Emergency Medical Services (EMS)

In response to an emergency, EMS workers are often the first people at the scene. As they attend to the person or people involved in the crisis, they may not be aware that the person has an autism spectrum disorder. If this is the case, the EMS worker will need to respond in a different way, while providing the quickest and most efficient care possible. Sometimes the ability of these EMS workers to respond in an effective timely manner will save the person's life.

Since people with autism spectrum disorders may respond differently to certain stimuli and medical examinations, it is crucial for EMS workers to be able to recognize certain signs that may indicate the person is on the spectrum and alter their method of treatment accordingly.

Quick facts for EMS:

  • Some people with autism do not have a normal range of sensations and may not feel the cold, heat, or pain in a typical manner. In fact they may fail to acknowledge pain in spite of significant pathology being present. They may show an unusual pain response that could include laughter, humming, singing and removing of clothing.
  • People with autism often have tactile sensory issues. Band-aids or other adhesive products could increase anxiety and aggression.
  • Move slowly, performing exams distal to proximal. Explain what you plan to do in advance and as you do it. Explain where you are going and what they may see and who might be there. This may avert unnecessary anxiety and/or outbursts or aggressions from the patient. People who appear not to understand may have better receptive language, which is not entirely evident.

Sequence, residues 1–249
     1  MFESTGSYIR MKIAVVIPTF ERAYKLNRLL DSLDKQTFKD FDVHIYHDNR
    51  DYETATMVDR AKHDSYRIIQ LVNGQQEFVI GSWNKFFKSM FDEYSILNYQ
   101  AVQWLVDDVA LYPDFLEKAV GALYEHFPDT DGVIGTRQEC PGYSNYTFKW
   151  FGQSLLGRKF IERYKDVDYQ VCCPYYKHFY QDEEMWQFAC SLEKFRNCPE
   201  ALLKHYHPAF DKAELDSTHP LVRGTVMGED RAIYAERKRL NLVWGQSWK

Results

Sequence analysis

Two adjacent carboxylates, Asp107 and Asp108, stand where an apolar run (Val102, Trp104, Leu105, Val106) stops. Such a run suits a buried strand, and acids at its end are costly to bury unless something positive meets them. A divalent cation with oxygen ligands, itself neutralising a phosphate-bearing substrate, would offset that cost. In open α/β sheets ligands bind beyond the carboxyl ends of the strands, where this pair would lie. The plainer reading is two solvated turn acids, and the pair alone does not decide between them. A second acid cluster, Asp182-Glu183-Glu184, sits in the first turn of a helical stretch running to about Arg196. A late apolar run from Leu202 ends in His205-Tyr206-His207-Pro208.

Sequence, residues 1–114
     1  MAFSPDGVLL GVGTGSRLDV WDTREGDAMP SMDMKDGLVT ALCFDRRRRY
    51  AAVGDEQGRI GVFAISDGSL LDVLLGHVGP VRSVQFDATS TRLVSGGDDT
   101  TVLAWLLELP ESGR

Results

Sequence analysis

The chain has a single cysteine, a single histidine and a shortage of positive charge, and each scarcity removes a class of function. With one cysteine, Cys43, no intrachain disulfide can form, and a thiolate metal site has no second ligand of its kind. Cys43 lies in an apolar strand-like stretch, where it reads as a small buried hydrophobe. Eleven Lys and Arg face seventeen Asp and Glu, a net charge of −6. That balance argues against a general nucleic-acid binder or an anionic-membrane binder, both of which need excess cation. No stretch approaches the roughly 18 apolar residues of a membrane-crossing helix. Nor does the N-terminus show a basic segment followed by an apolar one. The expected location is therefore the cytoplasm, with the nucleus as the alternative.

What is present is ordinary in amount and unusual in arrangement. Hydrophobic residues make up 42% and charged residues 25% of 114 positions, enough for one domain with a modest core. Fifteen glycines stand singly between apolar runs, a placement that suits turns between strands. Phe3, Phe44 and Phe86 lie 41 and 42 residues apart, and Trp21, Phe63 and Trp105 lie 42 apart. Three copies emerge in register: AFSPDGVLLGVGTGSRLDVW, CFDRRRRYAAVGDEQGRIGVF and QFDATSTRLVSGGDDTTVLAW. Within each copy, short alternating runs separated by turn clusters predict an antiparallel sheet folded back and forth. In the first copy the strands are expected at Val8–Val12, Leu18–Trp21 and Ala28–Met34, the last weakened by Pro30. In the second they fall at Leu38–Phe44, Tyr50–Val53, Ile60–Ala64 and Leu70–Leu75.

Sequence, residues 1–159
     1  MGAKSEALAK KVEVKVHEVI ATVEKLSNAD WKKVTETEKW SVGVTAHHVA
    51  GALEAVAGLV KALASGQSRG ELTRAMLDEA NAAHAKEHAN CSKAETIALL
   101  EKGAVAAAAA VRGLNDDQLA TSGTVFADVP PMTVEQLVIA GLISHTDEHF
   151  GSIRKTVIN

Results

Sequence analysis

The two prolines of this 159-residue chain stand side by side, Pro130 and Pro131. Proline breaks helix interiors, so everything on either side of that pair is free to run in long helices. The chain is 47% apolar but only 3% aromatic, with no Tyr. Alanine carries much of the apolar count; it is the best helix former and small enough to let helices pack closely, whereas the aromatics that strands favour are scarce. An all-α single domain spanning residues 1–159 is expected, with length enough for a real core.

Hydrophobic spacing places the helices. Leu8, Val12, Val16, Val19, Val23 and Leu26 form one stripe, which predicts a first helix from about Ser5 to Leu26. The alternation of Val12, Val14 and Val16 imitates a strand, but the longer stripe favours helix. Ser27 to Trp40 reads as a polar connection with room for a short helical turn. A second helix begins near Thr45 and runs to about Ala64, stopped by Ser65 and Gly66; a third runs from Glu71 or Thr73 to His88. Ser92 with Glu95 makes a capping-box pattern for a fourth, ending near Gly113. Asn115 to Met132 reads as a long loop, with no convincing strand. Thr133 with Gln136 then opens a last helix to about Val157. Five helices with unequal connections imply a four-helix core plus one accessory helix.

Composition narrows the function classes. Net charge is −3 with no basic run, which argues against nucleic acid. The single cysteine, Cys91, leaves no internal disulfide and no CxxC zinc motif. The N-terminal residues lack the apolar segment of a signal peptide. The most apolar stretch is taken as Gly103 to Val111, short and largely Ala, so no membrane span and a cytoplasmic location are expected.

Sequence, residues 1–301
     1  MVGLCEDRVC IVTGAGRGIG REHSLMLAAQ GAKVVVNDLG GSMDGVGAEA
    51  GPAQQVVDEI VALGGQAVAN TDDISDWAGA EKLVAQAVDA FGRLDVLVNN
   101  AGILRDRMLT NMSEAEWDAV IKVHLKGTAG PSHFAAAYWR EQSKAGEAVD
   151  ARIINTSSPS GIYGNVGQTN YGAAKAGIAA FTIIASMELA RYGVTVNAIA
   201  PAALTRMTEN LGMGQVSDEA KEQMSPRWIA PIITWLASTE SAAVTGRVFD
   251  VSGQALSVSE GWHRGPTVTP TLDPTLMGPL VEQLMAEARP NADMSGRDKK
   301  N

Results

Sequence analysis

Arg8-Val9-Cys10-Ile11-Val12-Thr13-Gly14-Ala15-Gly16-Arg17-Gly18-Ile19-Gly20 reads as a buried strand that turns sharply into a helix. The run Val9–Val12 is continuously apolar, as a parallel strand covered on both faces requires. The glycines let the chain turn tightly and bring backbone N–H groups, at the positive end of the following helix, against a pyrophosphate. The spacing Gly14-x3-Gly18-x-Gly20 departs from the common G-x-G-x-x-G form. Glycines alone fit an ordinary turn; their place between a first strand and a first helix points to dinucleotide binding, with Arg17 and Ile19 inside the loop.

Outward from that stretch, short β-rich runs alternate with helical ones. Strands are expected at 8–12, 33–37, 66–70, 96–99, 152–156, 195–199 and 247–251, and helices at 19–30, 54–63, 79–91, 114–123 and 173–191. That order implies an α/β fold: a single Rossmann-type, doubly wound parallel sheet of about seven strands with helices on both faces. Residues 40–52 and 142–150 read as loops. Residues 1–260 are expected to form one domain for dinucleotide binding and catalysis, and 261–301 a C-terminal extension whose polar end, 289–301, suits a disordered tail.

• Expect the unexpected. Children with autism may ingest something or get into something without their parents realizing it. Look for less obvious causality and inspect carefully for other injuries.
  • If possible ask a caregiver what level of support the person with autism needs, then treat accordingly. Stickers, stuffed animals and such which are used to calm young children may be helpful even in older patients.
  • Attempt to perform exams in a quiet spot if at all possible, depending on the severity of injury and safety of the scene. Demonstrating what the exam will consist of on another person first may help the person with autism have a visual knowledge of what your intentions are. 

Rzucidlo, S.F. (2007). Autism 101 for EMS, from SPEAK website.

Resources for EMS